FDA Approval of Drug May Have Made This Bay Area Pharma a New M&A Target

FDA Approval of Drug May Have Made This Bay Area Pharma a New M&A Target June 27, 2017
(Last Updated: June 29, 2017 at 05:40am PT)

Could the Bay Area’s Portola Pharmaceuticals be the next hot acquisition target? Recent good news has upped the company’s cachet and may make it a desirable buy.

Only yesterday, the company announced that the U.S. Food and Drug Administration (FDA) had approved Bevyxxa (betrixaban). The drug is the first and only anticoagulant for hospital and extended duration prophylaxis of venous thromboembolism (VTE) in adult patients who have been hospitalized for an acute medical illness.

Portola expects to launch the drug between August and November 2017. It is also being evaluated by the European Medicines Agency’s Committee for Human Medicinal Products (CHMP). Wall Street analysts project it to be a future blockbuster with $1 billion in sales by 2023.

“Bevyxxa represents a major advance for the field of thrombosis,” said C. Michael Gibson, APEX Executive Committee Member and Steering Committee Chairman, professor at Harvard Medical School and chairman of the PERFUSE Study Group, in a statement. “It is the first therapy to demonstrate a reduction in the incidence of VTE in these high-risk patients without a significant increase in major bleeding. With this approval, we are finally able to help protect these patients from this often fatal, yet preventable condition.”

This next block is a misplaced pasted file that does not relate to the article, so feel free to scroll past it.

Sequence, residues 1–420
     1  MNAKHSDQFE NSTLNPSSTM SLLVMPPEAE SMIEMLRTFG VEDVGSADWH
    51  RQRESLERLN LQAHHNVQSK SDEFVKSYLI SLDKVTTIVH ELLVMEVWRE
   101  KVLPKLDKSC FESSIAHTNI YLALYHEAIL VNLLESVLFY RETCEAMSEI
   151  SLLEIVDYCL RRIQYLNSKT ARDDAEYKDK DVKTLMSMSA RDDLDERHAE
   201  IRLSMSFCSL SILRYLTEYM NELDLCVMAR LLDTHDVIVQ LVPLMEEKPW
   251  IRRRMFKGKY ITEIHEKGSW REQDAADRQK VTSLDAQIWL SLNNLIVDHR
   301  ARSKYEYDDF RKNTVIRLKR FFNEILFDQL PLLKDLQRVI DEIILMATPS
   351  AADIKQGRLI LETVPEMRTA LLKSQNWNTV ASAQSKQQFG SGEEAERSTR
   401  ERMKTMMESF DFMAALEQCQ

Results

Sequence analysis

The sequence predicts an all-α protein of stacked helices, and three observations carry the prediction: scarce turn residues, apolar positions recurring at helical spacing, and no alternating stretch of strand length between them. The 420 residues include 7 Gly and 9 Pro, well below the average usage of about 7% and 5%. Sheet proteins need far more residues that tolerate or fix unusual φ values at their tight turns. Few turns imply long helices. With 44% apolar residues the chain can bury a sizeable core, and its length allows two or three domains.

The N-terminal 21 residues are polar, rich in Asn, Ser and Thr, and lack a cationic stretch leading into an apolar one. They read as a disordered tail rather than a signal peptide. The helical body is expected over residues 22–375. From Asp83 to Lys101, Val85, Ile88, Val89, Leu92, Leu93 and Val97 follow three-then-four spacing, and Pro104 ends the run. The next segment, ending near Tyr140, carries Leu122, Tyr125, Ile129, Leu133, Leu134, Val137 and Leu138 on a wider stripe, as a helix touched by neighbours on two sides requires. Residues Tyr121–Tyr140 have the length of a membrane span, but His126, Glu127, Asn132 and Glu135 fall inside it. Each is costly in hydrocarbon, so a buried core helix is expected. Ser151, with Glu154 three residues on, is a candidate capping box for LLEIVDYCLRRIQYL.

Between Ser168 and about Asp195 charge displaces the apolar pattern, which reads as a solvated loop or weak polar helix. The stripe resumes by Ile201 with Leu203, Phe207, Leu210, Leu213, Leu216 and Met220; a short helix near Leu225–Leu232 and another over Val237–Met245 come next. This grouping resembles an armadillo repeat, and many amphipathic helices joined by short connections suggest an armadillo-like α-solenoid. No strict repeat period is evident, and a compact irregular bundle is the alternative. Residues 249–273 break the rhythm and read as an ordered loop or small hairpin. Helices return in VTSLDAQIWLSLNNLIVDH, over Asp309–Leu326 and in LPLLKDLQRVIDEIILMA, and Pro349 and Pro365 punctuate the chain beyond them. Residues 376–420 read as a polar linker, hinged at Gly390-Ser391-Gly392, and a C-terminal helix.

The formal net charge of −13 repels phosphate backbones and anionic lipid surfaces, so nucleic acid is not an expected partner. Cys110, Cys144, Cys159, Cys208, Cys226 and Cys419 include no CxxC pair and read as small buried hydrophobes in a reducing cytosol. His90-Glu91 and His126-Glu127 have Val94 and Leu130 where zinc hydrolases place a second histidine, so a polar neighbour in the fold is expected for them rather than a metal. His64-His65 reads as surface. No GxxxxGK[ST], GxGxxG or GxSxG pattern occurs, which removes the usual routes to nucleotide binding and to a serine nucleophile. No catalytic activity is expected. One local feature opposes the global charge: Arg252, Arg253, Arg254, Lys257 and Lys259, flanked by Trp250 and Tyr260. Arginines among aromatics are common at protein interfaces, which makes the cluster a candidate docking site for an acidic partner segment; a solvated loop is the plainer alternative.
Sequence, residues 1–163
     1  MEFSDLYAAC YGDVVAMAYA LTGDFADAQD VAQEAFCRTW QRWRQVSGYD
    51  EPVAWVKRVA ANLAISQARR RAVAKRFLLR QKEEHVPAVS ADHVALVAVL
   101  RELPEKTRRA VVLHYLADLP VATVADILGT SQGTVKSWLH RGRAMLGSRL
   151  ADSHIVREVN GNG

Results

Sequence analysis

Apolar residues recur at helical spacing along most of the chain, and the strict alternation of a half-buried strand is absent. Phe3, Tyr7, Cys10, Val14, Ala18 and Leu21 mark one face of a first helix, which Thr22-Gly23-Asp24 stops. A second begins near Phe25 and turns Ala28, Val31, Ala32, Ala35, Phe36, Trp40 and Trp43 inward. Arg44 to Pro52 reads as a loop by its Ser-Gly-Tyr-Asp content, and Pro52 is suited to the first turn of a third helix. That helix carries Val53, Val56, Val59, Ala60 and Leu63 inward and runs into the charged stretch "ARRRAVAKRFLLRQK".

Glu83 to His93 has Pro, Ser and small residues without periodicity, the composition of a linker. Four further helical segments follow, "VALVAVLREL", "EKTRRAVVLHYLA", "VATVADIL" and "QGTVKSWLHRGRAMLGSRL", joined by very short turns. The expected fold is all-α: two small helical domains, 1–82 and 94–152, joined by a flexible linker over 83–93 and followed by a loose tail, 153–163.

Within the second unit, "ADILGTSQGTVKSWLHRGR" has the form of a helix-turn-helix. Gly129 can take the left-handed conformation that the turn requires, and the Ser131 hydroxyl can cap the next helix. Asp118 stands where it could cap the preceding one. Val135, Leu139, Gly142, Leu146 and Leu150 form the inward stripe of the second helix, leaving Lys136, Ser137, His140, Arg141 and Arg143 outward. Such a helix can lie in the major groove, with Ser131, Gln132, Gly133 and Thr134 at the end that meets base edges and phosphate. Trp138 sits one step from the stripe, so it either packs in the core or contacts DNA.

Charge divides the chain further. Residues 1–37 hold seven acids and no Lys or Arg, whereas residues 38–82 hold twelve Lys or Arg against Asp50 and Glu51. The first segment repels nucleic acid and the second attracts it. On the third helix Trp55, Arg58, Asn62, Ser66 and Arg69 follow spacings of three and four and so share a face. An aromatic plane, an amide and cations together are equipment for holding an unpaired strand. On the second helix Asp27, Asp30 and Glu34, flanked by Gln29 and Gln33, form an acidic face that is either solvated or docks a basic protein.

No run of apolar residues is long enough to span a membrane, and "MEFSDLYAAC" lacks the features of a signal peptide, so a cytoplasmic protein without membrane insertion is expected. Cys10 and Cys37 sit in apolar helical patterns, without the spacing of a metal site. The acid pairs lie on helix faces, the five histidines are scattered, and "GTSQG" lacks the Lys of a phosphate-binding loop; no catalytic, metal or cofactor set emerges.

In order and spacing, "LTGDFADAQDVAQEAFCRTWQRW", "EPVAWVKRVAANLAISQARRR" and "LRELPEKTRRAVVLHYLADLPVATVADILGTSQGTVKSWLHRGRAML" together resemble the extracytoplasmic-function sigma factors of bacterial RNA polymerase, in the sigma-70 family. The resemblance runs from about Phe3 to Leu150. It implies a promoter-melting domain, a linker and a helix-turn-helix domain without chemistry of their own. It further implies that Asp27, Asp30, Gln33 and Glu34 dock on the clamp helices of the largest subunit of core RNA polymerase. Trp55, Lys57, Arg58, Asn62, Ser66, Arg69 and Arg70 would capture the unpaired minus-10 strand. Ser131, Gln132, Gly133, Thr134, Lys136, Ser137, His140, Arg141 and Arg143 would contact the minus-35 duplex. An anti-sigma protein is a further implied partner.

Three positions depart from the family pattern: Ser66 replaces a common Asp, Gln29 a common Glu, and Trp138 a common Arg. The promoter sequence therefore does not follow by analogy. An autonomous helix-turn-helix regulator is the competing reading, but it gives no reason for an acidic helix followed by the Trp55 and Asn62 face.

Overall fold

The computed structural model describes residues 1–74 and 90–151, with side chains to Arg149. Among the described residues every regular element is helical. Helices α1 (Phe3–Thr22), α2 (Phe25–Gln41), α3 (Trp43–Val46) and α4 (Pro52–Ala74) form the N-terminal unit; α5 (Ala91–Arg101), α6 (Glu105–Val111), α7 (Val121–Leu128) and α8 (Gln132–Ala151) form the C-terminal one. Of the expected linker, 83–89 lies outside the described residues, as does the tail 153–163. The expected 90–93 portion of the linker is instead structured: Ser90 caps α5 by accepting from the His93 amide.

Todd Campbell, for The Motley Fool, writes, “Because Bevyxxa is an anticoagulant that could displace the use of Lovenox in acute, medically ill patients who are being released form hospitals, and Lovenox was once a top seller with $3 billion in annual sales, I wouldn’t be too surprised if suitors come knocking on Portola Pharmaceuticals’ door.”

In addition to Bevyxxa, the company is awaiting approval on Andexxa in late July. Andexxa, if approved, will be the first drug approved that can reverse factor Xa anticoagulants. Campbell writes, “Currently, Eliquis and Xarelto aren’t being prescribed in patients at risk of bleeding events because there’s no FDA-approved antidote. Therefore, an approval would not only help solidify the use of this class of drugs, but it could also help expand their use in more patients.”

Per Portola, 1 to 3 percent of patients on oral factor Xa inhibitors have a major bleeding event. Another 1 percent requires emergency surgery. The company projects a potential market for Andexxa at approximately 90,000 per year in the U.S.

And in an odd bit of synergy, this could help other drug companies. Campbell writes, “Andexxa’s importance hasn’t been lost on factor Xa drugmakers. J&J , Pfizer , and Bristol-Myers all helped finance Andexxa’s trials, and in the case of Pfizer and Bristol-Myers, they’ve ponied up money to license rights to Andexxa in Japan. Pfizer and Bristol-Myers also agreed to loan Portola Pharmaceuticals $25 million each last December to continue development of Andexxa, which will be paid back from royalties on Andexxa sales.”

The conclusion, at least on the part of Campbell, is that a company with a factor Xa franchise, an established sales team, and plenty of money—which does describe J&J, Pfizer and Bristol-Myers Squibb—might find Portola an attractive target.

Portola Pharmaceuticals is currently trading for $55.10. That gives it a market cap of about $3.2 billion. That likely means any sales would be in the $5 billion range, a price that many pharmaceutical companies fit into the “bolt-on” category.

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